BILL MOYERS: There's a recent poll. More than half of all people in this country do not believe the American dream is real. 59 percent of the people polled in June agreed, quote, the American dream has become impossible for most of us to achieve. And more and more Americans believe, quote, "there's not much opportunity to get ahead. " A living wage, retirement security, the opportunity for your children to get ahead are increasingly out of reach. Why aren't people furious about this?

BERNIE SANDERS: I would say they are furious and Republicans take that anger and channel it against people who are even worse off than working class people. And I think also people don't see an option, they've kind of given up in seeing, yeah, I'm working longer hours for lower wages. Yeah, my kid can't afford to go to college. Yeah, my aunt does not have any health insurance. What can I do about it?

And also there has not been, because of media, because of weak politics on the part of the Democratic Party, the kind of focus that we need to say, you know where the problem is? These guys are getting richer and richer. You're getting poorer and poorer. Have you heard that kind of discussion? Have you heard that type of focus? I don't think so.

BILL MOYERS: What's wrong, what's gone wrong with the Democratic Party?

BERNIE SANDERS: In one answer I'd say money. Time after time we see a hesitancy on the part of the Democratic Party to stand up to the billionaire class because you can't do that when you're out hustling campaign contributions.

So whether the issues are disastrous trade policy, lowering the cost of prescription drugs, all of these special interests have enormous power and influence to the Democratic Party. Instead of having public meetings with people, you have Democratic candidates running all over the place, trying to raise money to keep up with the Koch brothers. So I would say, you know, money is corrupting, certainly has taken over the Republican Party, has significantly impacted the Democrats.

BILL MOYERS: How do we get money out of politics?

BERNIE SANDERS: Well, first thing is we need a massive grassroots movement to have state after state, and we have, I think, 16 of them already onboard saying, we support a constitutional amendment to overturn Citizens United. I think there's something like 500 communities around America saying the same thing. Then when we do that, we move to public funding of elections. You want to run? I will not be able to outspend you.

BILL MOYERS: Senator Bernie Sanders, thank you for being with me.

BERNIE SANDERS: Great to be here.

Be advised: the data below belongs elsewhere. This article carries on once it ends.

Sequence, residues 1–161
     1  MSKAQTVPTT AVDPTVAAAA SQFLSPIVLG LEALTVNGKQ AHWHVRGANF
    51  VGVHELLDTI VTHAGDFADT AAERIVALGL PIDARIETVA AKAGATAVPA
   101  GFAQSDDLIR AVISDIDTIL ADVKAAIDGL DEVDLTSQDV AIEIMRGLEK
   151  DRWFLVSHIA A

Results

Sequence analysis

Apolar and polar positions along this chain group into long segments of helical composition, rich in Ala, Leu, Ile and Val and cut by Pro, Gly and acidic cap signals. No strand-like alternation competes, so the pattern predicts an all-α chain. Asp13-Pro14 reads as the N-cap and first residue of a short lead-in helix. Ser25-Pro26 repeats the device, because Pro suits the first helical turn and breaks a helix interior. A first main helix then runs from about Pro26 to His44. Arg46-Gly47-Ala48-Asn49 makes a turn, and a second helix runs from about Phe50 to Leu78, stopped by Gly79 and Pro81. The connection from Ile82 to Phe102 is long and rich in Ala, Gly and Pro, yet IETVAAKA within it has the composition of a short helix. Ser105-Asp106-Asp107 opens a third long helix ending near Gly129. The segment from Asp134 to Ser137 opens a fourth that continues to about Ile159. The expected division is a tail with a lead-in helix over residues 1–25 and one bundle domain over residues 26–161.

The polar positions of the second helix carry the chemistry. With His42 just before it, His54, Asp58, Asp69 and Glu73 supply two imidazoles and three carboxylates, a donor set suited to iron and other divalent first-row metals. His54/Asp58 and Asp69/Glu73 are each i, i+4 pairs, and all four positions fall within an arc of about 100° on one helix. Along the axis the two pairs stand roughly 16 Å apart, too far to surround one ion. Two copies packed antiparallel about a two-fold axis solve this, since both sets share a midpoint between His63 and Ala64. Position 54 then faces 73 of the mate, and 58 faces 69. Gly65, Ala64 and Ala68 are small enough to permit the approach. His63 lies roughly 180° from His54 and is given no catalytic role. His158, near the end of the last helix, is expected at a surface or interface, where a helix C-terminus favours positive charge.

BILL MOYERS: At our website,, there’s a web exclusive interview with Gayle McLaughlin, the mayor of Richmond, California, where Chevron is spending those millions trying to defeat her and other progressive candidates.

And we have a guide to everything you need to know to cast your ballot on Tuesday. And what to do if someone tries to keep you from exercising your right.

That’s all at I’ll see you there and I’ll see you here, next time.

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Who's Buying the Midterm Elections? A Bunch of Old White Guys
By Zoë Carpenter
Monday, 03 November 2014
The Nation | Report 

Paul Singer, a New York hedge fund manager, as he exits a vehicle in New York, Nov. 1, 2007. (Photo: Rob Bennett / The New York Times)

This is the year of the mega-donor: just forty-two people are responsible for nearly a third of Super PAC spending in the 2014 election cycle. Super PACs, meanwhile, are outspending the national parties. The list of would-be kingmakers includes Tom Steyer, the former hedge-fund manager who’s poured out $73 million to elect environmentally friendly Democrats; Michael Bloomberg, who’s distributed upwards of $20 million on behalf of both sides; and Paul Singer, the “vulture-fund billionaire” and powerful Republican fundraiser.

Take a look at the list of top donors. They might have distinctly different political agendas, but they have one thing irrefutably in common: they’re almost exclusively old white guys. Only seven women made it into the forty-two, and not a single person of color.

One of the things highlighted in the aftermath of Michael Brown’s death in Ferguson, Missouri, is how poorly America’s political leadership, from city councils to the US Senate, reflects the diversity of the country. According to data compiled by the Reflective Democracy Campaign, white men make up 65 percent of elected officials—more than twice their proportion in the general population. Only 4 percent of our political leaders are women of color. As Jelani Cobb writes in The New Yorker, the midterm elections won’t right this imbalance between demographics and political representation, no matter which party wins the Senate.